Right to Be Creative and Invisible Russia

Lecture | March 30 | 6:30-8 p.m. |  Osher Theater, BAMPFA

 2155 Center St, Berkeley, CA 94720

 Margarita Kuleva, Centre for German and European Studies at St. Petersburg State University–University of Bielefeld and the Centre for Art, Design and Social Research; Natalia Samutina, Head of the Research Centre for Contemporary Culture, nstitute for Theoretical and Historical Studies in the Humanities, National Research University Higher School of Economics, Moscow

 Center for New Media, Arts + Design, Arts Research Center, Department of History of Art, Department of Slavic Languages and Literatures

The Right to Be Creative:

What is fair in contemporary society, and how do people negotiate fairness when there is a lack of clarity and governmental regulation? This question urgently needs to be answered in our time of uncertainty that is blighted by economic austerity and severe political crises. The answer can be found in the regimes of fairness devised by highly innovative social groups as digital creative sectors in Post-Soviet countries as Russia. New generation of the YouTube revolutionists holds numerous records of cultural innovation and excellence in animation, video games, music. For instance, the Russian cartoon series Masha and the Bear has set a new world record as the most watched animated movie with over three billion views. At the same time, existing policies of culture and creativity in Russia neglect these achievements and impose constraints on digital sectors of artistic production. Digital producers are limited not only because of censorship, but also of conservative understanding of creativity as ‘high culture’ only. Having the right to be creative contested, this bright and talented social group seeks for alternative ways for social inclusion by revising notions of profession, social contract and solidarity.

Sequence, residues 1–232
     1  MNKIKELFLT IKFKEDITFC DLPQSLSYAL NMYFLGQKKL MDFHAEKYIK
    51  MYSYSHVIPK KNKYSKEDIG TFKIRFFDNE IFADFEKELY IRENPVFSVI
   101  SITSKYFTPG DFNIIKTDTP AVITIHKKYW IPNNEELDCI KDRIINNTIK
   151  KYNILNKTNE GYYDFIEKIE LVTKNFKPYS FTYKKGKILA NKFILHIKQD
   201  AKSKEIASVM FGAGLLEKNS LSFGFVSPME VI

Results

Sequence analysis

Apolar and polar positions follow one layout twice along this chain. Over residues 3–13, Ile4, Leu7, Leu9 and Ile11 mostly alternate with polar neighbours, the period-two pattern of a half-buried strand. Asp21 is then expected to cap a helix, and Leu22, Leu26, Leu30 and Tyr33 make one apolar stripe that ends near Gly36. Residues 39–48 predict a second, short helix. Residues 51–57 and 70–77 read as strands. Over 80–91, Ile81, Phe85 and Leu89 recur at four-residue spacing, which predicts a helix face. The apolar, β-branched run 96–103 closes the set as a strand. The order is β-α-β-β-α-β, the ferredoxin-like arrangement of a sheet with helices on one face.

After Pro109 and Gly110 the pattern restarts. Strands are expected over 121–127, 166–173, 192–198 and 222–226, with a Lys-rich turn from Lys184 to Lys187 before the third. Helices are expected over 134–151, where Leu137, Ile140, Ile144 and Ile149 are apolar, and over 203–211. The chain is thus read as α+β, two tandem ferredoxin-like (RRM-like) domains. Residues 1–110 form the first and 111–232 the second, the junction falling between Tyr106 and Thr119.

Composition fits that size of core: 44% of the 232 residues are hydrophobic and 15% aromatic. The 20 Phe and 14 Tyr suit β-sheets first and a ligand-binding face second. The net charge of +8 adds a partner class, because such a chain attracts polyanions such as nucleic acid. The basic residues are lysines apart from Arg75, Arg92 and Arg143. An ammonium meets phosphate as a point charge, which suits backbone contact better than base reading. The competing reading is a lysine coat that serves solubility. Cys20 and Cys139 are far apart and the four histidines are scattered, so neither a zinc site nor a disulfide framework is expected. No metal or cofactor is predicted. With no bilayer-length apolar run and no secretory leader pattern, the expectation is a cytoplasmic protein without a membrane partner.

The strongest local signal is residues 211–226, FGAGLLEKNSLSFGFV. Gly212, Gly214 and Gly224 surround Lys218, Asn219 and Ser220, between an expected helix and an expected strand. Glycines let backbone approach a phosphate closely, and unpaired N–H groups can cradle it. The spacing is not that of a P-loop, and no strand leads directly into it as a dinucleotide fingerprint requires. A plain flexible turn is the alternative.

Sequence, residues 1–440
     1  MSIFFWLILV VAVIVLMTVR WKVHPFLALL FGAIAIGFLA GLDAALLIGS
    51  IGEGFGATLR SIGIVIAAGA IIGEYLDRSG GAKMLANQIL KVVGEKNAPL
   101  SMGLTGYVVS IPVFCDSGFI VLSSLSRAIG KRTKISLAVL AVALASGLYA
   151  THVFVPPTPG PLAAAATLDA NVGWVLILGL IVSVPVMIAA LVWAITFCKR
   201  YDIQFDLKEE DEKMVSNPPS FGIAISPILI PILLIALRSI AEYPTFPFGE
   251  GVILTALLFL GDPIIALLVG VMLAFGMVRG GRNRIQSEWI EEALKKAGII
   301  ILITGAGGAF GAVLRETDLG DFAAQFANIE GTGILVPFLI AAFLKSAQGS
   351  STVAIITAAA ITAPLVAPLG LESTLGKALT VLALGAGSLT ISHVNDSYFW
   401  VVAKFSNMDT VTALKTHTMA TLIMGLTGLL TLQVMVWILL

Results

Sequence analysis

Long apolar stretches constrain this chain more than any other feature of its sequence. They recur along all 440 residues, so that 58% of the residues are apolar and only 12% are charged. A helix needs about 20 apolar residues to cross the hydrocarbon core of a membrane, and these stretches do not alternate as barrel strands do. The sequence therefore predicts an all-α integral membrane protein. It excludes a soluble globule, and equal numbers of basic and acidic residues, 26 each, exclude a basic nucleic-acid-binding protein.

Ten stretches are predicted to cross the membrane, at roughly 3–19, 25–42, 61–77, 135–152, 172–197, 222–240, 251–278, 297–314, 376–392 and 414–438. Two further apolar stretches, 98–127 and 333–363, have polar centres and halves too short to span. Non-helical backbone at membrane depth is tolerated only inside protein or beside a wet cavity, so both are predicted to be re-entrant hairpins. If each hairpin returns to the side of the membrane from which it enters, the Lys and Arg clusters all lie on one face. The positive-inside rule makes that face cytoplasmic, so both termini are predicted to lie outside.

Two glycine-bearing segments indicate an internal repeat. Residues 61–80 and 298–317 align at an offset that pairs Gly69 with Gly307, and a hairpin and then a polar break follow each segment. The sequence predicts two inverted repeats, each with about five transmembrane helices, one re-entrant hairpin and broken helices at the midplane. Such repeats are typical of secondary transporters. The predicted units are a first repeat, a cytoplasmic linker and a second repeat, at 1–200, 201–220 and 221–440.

Invisible Russia: Participatory Cultures, Their Practices and Values

Participatory cultures, as defined by Henry Jenkins back in 1990th, are diverse and active communities, fans and enthusiasts, poachers and creators, whose practices are mostly connected to the underworld of publicly unrecognized amateur cultural production. This has been changing slowly - for example, the biggest fan fiction archive AO3 has been nominated for the Hugo Awards in 2019; comics conventions and anime festivals are big commercial enterprises in many countries; sometimes anonymous graffiti writers attract public attention with their politically motivated works, etc. In Russia, with its elitist culture and politically appropriated media, participatory cultures quite rarely become visible for the general public and elder generations – they remain something that is usually presented as marginal (although thousands participate), youth-related (although some practices are cross-generational), low and insignificant (for whom?).


About the Art, Technology, and Culture Colloquium:

Founded by Prof. Ken Goldberg in 1997, the ATC lecture series is an internationally respected forum for creative ideas. Always free of charge and open to the public, the series is coordinated by the Berkeley Center for New Media and has presented over 200 leading artists, writers, and critical thinkers who question assumptions and push boundaries at the forefront of art, technology, and culture including: Vito Acconci, Laurie Anderson, Sophie Calle, Bruno Latour, Maya Lin, Doug Aitken, Pierre Huyghe, Miranda July, Billy Kluver, David Byrne, Gary Hill, and Charles Ray.

 macfee@berkeley.edu, (510) 495-3505